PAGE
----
But, now, the breakfast hour arrived; and with it Miss Fanny from her apartment, and Mr Edward from his apartment. Both these young persons of distinction were something the worse for late hours. As to Miss Fanny, she had become the victim of an insatiate mania for what she called ‘going into society;’and would have gone into it head-foremost fifty times between sunset and sunrise, if so many opportunities had been at her disposal. As to Mr Edward, he, too, had a large acquaintance, and was generally engaged (for the most part, in diceing circles, or others of a kindred nature), during the greater part of every night. For this gentleman, when his fortunes changed, had stood at the great advantage of being already prepared for the highest associates, and having little to learn: so much was he indebted to the happy accidents which had made him acquainted with horse-dealing and billiard-marking.
At breakfast, Mr Frederick Dorrit likewise appeared. As the old gentleman inhabited the highest story of the palace, where he might have practised pistol-shooting without much chance of discovery by the other inmates, his younger niece had taken courage to propose the restoration to him of his clarionet, which Mr Dorrit had ordered to be confiscated, but which she had ventured to preserve. Notwithstanding some objections from Miss Fanny, that it was a low instrument, and that she detested the sound of it, the concession had been made. But it was then discovered that he had had enough of it, and never played it, now that it was no longer his means of getting bread. He had insensibly acquired a new habit of shuffling into the picture-galleries, always with his twisted paper of snuff in his hand (much to the indignation of Miss Fanny, who had proposed the purchase of a gold box for him that the family might not be discredited, which he had absolutely refused to carry when it was bought); and of passing hours and hours before the portraits of renowned Venetians. It was never made out what his dazed eyes saw in them; whether he had an interest in them merely as pictures, or whether he confusedly identified them with a glory that was departed, like the strength of his own mind. But he paid his court to them with great exactness, and clearly derived pleasure from the pursuit. After the first few days, Little Dorrit happened one morning to assist at these attentions. It so evidently heightened his gratification that she often accompanied him afterwards, and the greatest delight of which the old man had shown himself susceptible since his ruin, arose out of these excursions, when he would carry a chair about for her from picture to picture, and stand behind it, in spite of all her remonstrances, silently presenting her to the noble Venetians.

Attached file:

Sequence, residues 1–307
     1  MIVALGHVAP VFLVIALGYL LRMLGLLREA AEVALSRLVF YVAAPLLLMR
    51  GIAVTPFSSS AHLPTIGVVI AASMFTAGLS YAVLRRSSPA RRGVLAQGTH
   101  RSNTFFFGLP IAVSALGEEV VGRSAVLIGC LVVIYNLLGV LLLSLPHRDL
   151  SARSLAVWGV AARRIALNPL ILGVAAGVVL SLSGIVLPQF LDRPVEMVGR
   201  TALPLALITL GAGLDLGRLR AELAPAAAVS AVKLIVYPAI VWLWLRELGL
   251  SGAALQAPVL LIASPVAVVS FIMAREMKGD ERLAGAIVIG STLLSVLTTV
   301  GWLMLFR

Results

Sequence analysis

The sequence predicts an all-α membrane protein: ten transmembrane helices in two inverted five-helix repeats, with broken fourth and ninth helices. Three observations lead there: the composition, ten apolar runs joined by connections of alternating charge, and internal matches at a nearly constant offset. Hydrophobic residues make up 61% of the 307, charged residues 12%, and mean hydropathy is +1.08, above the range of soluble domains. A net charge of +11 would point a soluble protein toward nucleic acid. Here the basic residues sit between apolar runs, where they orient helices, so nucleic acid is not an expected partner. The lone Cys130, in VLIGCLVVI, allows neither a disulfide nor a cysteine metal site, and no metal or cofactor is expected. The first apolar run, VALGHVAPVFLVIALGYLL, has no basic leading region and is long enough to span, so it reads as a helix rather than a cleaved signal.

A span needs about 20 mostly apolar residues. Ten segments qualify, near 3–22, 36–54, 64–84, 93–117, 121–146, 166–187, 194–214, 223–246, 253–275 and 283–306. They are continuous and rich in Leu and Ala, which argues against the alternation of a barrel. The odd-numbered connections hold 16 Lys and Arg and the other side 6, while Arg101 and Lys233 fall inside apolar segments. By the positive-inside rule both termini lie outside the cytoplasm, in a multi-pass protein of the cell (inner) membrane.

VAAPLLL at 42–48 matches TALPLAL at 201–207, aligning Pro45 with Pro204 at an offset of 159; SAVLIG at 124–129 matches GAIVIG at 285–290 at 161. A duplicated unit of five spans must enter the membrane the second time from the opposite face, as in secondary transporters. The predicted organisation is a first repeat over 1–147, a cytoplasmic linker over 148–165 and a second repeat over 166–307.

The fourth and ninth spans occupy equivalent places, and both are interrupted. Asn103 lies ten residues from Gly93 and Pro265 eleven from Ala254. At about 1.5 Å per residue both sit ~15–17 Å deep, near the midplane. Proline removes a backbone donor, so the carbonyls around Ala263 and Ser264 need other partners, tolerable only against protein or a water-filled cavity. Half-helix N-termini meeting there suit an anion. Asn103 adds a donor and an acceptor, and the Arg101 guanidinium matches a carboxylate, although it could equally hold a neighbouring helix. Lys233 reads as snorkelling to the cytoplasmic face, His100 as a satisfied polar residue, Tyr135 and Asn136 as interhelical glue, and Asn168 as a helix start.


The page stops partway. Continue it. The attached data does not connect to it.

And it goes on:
It fell out that, at this family breakfast, he referred to their having seen in a gallery, on the previous day, the lady and gentleman whom they had encountered on the Great Saint Bernard, ‘I forget the name,’ said he. ‘I dare say you remember them, William?
I dare say you do, Edward?’
‘I remember ’em well enough,’ said the latter.
‘I should think so,’ observed Miss Fanny, with a toss of her head and a glance at her sister. ‘But they would not have been recalled to our remembrance, I suspect, if Uncle hadn’t tumbled over the subject.’
‘My dear, what a curious phrase,’ said Mrs General. ‘Would not inadvertently lighted upon, or accidentally referred to, be better?’